11/11/91, Revised 11/3/02

Charismatic Leaders *

David A. Gershaw, Ph.D.

Throughout history, some leaders have been outstandingly successful in getting others to follow them to transform their societies and to achieve a new order. These leaders have often been called charismatic leaders. What makes these leaders special? How do they get others to accept their views and follow their orders so willingly?

Charisma seems to be the result of specific behaviors on the part of the leaders, which in turn leads the followers to view them as charismatic. In essence, charismatic leaders have a powerful message, an arousing personality style and the needed interpersonal skills to make them a major force in effecting change. Specifically, leaders are more likely to be viewed as charismatic when the following conditions exist.

  1. Intolerable conditions exist currently within the state or organization.
  2. There is an emotion-arousing vision of another, far better condition.
  3. Charismatic leaders have outstanding social skills. (In other words, they can "read" the reactions of others quickly and accurately, and they excel in impression management and other associated activities.)

Although we tend to think of charismatic leaders in relation to large political movements or military engagements, charismatic leaders can occur in everyday settings. They can make large contributions to the productivity and success of many organizations.

In a 1989 psychological study, Howell and Frost explored three contrasting leadership styles charismatic, structuring and considerate. (The leaders were played by professional actors or actresses, who had been rehearsed to play these roles exactly.)

  1. Charismatic leaders communicated an overall goal, indicated high performance expectations and demonstrated high confidence in their followers. They were dynamic and full of energy. (The actors indicated this by pacing back and forth or sitting on their desk while giving directions. They also used an engaging but relaxed tone of voice.)
  2. Structuring leaders, in contrast, indicated that their main concern was for the task at hand. (Sitting behind their desks, the actors directed their followers in a cool, factual tone acting in a very business-like way.)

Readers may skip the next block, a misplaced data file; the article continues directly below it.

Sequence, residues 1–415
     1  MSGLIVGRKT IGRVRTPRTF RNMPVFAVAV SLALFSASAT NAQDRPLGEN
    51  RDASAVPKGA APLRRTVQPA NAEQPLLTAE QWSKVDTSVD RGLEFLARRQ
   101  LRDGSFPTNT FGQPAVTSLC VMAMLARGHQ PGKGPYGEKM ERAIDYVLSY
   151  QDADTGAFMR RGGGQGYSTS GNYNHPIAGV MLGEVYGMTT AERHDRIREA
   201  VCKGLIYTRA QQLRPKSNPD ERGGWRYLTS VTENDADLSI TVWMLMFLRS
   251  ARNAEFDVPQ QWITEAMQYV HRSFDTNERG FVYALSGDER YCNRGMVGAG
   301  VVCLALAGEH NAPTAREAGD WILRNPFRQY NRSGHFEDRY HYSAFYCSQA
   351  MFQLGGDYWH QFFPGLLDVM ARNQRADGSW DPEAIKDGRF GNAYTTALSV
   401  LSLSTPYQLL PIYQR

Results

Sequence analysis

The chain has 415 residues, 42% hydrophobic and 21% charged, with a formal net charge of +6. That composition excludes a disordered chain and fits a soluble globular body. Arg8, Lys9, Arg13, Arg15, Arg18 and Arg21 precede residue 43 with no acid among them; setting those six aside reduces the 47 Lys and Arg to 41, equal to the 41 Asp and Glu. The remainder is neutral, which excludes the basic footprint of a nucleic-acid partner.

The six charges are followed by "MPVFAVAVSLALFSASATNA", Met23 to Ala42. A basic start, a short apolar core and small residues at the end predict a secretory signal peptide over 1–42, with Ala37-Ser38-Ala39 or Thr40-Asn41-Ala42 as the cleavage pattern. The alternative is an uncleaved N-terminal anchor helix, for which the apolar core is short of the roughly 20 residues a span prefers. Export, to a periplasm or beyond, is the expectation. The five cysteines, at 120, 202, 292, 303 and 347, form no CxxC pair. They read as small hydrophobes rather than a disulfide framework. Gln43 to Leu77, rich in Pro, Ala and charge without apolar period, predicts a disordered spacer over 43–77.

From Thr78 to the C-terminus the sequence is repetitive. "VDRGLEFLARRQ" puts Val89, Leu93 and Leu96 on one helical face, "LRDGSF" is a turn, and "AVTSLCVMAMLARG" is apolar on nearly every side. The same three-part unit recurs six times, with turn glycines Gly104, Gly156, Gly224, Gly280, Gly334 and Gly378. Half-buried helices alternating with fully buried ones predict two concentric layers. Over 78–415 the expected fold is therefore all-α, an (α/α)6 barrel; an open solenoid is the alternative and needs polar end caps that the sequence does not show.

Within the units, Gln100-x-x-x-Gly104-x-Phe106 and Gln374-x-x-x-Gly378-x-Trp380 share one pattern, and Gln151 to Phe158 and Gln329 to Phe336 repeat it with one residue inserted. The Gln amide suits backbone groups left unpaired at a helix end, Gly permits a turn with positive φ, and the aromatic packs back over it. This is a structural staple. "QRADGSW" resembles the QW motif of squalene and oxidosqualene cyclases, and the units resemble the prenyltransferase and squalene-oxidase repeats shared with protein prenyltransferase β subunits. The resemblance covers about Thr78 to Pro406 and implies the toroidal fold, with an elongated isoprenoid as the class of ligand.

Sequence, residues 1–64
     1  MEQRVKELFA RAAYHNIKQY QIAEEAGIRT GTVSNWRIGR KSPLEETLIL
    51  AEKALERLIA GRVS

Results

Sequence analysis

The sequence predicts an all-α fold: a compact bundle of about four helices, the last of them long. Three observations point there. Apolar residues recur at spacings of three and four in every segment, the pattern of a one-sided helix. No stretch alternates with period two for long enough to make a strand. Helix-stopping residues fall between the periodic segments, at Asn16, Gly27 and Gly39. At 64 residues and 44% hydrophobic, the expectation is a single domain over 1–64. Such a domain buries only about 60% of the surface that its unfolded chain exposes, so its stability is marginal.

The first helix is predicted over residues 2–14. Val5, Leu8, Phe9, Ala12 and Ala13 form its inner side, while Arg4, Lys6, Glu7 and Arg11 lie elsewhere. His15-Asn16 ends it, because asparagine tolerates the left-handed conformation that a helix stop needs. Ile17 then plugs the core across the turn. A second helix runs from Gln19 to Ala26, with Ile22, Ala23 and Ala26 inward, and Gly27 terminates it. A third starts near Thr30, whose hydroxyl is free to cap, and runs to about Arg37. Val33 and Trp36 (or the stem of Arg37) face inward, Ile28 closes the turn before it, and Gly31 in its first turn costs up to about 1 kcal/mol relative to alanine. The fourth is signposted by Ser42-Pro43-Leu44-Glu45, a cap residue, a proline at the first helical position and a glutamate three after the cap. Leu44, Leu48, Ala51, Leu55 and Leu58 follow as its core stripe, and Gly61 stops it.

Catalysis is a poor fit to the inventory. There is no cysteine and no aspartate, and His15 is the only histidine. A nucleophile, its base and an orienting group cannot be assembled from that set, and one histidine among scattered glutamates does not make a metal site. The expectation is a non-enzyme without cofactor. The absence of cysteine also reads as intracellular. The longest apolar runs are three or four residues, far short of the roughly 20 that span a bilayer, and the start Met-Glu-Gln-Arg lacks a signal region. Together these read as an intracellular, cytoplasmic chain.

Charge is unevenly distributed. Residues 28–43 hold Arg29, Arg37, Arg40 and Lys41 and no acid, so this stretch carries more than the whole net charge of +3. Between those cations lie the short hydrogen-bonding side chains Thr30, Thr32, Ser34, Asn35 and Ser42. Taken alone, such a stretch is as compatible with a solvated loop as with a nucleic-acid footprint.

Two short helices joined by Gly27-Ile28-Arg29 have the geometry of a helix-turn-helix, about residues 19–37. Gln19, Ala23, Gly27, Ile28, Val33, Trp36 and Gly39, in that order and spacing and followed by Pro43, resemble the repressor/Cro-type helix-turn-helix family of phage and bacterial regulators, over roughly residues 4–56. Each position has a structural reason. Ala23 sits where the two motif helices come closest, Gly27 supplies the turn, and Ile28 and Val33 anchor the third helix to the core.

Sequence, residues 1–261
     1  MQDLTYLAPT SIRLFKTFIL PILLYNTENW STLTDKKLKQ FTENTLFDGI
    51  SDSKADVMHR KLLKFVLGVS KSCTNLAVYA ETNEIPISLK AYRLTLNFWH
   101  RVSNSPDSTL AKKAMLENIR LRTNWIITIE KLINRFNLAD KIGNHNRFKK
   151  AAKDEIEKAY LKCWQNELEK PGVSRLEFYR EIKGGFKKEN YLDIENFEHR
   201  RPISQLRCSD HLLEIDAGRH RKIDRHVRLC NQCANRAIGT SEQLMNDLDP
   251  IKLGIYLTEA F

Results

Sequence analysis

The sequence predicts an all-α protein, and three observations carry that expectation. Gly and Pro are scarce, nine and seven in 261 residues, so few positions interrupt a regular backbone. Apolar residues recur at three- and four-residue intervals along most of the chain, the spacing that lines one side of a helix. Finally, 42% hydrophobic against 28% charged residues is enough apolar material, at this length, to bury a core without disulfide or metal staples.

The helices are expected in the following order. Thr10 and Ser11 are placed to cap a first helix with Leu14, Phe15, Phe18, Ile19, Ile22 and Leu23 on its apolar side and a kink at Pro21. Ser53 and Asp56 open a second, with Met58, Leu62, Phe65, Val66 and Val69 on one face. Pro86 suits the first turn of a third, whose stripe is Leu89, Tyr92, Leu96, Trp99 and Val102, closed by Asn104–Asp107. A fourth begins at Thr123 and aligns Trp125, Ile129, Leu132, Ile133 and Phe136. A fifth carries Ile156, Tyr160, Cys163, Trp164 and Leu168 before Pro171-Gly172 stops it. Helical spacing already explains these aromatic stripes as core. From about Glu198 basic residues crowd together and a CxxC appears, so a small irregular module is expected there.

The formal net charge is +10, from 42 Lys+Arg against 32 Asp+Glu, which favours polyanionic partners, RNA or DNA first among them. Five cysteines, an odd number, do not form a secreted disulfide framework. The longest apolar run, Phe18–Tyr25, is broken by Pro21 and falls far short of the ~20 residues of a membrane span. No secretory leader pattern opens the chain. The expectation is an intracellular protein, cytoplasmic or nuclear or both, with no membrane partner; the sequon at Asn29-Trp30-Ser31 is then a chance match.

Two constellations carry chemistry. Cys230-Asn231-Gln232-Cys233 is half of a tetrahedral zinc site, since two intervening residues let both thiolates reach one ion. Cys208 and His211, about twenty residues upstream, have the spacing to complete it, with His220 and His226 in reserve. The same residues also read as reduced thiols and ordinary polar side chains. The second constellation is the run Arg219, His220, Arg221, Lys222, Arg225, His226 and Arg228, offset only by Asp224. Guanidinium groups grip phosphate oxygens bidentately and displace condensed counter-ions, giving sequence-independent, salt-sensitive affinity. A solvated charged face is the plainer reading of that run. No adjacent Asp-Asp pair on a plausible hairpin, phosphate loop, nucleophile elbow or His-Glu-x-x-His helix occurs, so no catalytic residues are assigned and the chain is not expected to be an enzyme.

3. Considerate leaders, on the other hand, were very friendly toward their followers. They indicated a high level of interest in their followers and their satisfaction on the job.

Charismatic leadership was compared to these other two styles, because actual leaders vary considerably in their levels of structuring and consideration. Within these leadership styles, specific leaders can be high, low or moderate in their relationship to their followers.

In Howell and Frost's research, both men and women subjects worked on an "in-basket" task. Each acted as a manager and worked on specific items (letters reports and memos) that managers typically would find in their baskets. The managers worked on these tasks under the direct supervision of leaders trained in one of the three leadership styles mentioned.

Howell and Frost predicted that the charismatic leaders would generate the highest levels of productivity and the highest levels of satisfaction among the subjects. In other words, they would produce the most favorable results overall. This is exactly what they found. Charismatic leaders seem to offer substance as well as style. They captured and maintained the interest and enthusiasm of their followers. Beside that, they also promoted high levels of effort and output in their followers.

However, there is another important finding in this research. The actors and actresses had been trained to demonstrate the leadership styles including social skills needed for the charismatic one. This suggests that charisma may not be as innate or unalterable as some people believe. The research suggests that the quality of the charisma is a pattern of behavior that can be learned by many people.

In terms of many organizations, this can be taken one step further. Most organizations strive for increased productivity from their workers. Some of these are interested in higher employee satisfaction. A new answer to their problem seems to stem logically from this research. These companies do not need to search for new and charismatic leaders. In contrast, they can concentrate their efforts on increasing the social skills of the leaders they already have.

* Adapted from Robert Baron and Donn Byrne's Social Psychology: Understanding Human Interaction, Allyn and Bacon Publishers, 1991, pages 469-471.

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